Emily's medical project in Mexico

Volunteering on a medical project in MexicoI was working in the Green Cross, an emergency trauma clinic that provides urgent medical care ranging from cuts and scrapes to life threatening illnesses or injuries. The Green Cross clinic was located in a poorer area of the city and was accessible to those without health insurance which meant I got to meet all sorts of different people. I can honestly say my time spent there was probably one of the best experiences of my life.Whilst working on this project I had the opportunity to learn from and experience so many different situations. I was treated very much like a medical student, the nurses and doctors were so welcoming and so eager for me to learn and practice new skills. On a regular basis I would take blood pressures, insert cannulas to start IV’s, cast broken limbs, inject painkillers and clean, bandage and suture wounds.During my time there I literally saw everything including broken and dislocated bones, open wounds, heart attacks, burns, gunshot wounds, stabbings, epileptic seizures and drug overdoses’. I was amazed at how much I could get involved and how much trust and responsibility was often bestowed upon me. It was definitely a case of learn fast, be confident and embrace any challenges that came your way.A typical day for me working in Mexico started with the always adventurous bus ride to the Green Cross clinic, definitely the cheapest roller coaster I have ever been on! I would work Monday to Friday starting in the afternoons and leaving in the evening before it got dark. I would spend the day assisting the doctors and nurses treating any patients that came in. Sometimes I asked to stay and do the night shift which was always exciting – lots of alcohol, drugs, assaults and stabbings. I was never short of an opportunity to practice my stitching on a night shift! Some days it would be really quiet and then suddenly get very busy. The great thing is that I would turn up to the start of my shift and have no idea what was going to come through the doors. There was a large team of doctors and nurses in the clinic, another volunteer also joined me half way into my project which was nice. I made so many great friends and although there was a significant language barrier between me and some of the Mexican staff we were still able to enjoy a joke and get on really well. I even managed to befriend some of the paramedics and sweet talk my way onto an ambulance ride along; what an exhilarating experience that was.Easily the best thing about working at the Green Cross clinic was the opportunity of being able to do and achieve things that I would not be able to do in the UK. There are some moments that I will remember for a long time including a couple of occasions when we had patients that were so ill or injured that they required resuscitating. I did have to perform CPR on two people, unfortunately both attempts failed but I felt honoured to have been able to try and help these people when they needed it the most. These kinds of situations are challenging but they do make you realise how stronger person you can be. It was also amazing to work within a different culture and see how unspoilt and unassuming the people of Mexico are. I will now never take the health care system I have at home for granted.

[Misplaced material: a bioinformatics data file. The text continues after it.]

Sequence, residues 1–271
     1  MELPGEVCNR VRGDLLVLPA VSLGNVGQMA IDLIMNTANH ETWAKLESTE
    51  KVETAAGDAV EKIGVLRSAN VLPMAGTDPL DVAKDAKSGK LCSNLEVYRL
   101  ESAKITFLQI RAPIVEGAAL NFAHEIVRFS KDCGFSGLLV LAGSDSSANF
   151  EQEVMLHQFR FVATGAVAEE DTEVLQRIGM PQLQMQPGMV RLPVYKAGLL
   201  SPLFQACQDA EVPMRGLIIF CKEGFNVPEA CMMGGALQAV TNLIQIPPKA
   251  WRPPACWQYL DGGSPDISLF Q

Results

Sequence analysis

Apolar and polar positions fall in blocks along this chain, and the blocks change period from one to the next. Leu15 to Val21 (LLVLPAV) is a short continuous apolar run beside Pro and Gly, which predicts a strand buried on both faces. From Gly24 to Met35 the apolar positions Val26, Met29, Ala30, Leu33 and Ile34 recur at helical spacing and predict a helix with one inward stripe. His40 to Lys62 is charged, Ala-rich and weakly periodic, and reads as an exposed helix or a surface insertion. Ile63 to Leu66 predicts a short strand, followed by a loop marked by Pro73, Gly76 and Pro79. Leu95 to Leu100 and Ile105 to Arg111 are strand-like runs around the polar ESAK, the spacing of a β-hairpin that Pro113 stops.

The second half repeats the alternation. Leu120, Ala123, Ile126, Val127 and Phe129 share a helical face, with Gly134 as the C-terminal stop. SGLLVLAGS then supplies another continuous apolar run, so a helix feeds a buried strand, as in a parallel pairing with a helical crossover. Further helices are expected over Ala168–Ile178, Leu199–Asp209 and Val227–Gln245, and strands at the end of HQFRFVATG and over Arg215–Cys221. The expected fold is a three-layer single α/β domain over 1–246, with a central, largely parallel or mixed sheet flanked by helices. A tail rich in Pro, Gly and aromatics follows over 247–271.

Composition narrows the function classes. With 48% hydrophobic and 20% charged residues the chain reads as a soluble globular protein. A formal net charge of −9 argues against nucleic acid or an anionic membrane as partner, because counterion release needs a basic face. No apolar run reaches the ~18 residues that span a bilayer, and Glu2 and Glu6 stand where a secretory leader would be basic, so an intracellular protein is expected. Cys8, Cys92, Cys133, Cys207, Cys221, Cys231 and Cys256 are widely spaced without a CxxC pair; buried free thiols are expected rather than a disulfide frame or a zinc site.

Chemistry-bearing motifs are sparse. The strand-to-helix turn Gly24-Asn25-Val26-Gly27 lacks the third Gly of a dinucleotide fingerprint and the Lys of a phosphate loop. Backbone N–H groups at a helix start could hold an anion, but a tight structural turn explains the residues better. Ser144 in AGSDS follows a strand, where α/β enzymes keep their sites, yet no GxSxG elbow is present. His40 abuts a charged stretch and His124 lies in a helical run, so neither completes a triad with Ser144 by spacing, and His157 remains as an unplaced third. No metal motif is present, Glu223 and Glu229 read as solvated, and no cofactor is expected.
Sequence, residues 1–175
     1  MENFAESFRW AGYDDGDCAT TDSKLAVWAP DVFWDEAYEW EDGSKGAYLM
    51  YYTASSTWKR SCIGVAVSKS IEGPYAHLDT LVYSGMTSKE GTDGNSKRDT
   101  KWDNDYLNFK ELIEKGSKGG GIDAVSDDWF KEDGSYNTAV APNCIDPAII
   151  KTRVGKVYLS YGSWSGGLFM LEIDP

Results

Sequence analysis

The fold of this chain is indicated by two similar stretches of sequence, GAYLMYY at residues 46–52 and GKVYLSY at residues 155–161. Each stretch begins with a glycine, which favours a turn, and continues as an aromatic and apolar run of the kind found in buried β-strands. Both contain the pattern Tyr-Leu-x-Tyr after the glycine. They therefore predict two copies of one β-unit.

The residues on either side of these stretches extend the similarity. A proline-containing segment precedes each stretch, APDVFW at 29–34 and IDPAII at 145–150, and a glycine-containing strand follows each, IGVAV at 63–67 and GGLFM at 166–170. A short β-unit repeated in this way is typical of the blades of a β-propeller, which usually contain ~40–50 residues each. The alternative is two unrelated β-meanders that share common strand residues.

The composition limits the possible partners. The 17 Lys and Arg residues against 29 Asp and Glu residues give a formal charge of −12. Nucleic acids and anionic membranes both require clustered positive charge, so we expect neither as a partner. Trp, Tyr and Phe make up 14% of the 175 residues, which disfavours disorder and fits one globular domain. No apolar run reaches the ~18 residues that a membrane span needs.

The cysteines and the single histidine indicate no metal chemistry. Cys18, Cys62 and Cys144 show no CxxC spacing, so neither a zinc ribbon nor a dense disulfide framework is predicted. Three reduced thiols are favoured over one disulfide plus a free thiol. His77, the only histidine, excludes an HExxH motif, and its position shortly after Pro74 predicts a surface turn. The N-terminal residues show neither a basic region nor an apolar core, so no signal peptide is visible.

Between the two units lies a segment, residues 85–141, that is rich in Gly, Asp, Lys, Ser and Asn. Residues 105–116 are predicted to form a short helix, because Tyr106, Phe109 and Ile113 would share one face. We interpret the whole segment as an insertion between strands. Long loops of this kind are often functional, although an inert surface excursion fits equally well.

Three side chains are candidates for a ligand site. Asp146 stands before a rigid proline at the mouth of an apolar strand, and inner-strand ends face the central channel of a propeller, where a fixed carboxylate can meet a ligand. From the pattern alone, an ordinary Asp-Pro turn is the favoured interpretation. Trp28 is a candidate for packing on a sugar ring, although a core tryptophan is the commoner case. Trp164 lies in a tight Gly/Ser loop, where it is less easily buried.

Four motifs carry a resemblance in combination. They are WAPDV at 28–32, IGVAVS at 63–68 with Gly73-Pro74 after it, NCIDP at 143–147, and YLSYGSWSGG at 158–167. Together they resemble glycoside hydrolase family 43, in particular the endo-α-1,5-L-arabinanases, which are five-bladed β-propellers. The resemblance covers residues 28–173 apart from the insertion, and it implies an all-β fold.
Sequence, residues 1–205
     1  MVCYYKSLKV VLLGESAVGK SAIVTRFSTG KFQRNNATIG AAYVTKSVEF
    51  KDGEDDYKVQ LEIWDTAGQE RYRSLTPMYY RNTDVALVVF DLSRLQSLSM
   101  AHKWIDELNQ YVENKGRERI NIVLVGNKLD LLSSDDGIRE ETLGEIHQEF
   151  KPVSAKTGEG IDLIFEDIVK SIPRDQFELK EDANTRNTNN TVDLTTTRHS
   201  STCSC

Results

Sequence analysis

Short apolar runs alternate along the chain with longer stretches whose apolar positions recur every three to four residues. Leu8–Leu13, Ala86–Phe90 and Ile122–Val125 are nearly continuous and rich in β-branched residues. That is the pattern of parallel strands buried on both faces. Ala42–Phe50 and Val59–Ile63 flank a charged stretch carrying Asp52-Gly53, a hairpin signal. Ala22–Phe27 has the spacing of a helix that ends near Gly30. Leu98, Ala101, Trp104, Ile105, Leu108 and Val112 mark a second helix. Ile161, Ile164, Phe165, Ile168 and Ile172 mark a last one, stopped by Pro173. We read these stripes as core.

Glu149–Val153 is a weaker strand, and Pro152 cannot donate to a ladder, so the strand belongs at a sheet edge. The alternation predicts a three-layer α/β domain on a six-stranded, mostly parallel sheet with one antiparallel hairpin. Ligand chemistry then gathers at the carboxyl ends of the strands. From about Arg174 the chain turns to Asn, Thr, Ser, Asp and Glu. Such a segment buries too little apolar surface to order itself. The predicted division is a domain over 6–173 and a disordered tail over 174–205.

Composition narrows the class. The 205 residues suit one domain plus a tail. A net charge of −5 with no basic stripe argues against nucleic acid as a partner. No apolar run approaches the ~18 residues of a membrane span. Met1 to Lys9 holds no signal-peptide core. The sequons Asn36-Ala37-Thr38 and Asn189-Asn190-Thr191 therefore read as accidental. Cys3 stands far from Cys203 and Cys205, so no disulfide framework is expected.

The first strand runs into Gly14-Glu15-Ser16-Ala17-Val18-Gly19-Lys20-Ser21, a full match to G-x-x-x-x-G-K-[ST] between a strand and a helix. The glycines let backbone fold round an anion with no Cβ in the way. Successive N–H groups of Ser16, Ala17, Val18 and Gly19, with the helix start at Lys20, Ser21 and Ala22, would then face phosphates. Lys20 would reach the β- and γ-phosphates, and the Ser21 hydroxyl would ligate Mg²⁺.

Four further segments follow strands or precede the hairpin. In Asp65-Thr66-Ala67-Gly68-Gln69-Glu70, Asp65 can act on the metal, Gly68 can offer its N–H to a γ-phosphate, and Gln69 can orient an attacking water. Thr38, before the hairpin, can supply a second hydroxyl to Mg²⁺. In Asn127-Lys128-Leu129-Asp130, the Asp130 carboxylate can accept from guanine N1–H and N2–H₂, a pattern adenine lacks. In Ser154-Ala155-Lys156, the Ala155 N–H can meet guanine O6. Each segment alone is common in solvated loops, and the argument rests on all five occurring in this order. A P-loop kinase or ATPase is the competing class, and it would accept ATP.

If anyone is considering doing a medical project in Mexico, I cannot recommend it enough. You will gain invaluable experience, especially if you are considering a career in the medical world. I would suggest you take plenty of scrubs to wear and some good stain remover, mine started off white but got messy very quickly! I would also recommend that you go with some basic Spanish skills, I managed to get by but I do wish I could have communicated better with the staff and especially the patients. Overall this project was exciting, interesting and challenging and I would do it all again in a heartbeat.

Gap Year
Voluntary and Charity

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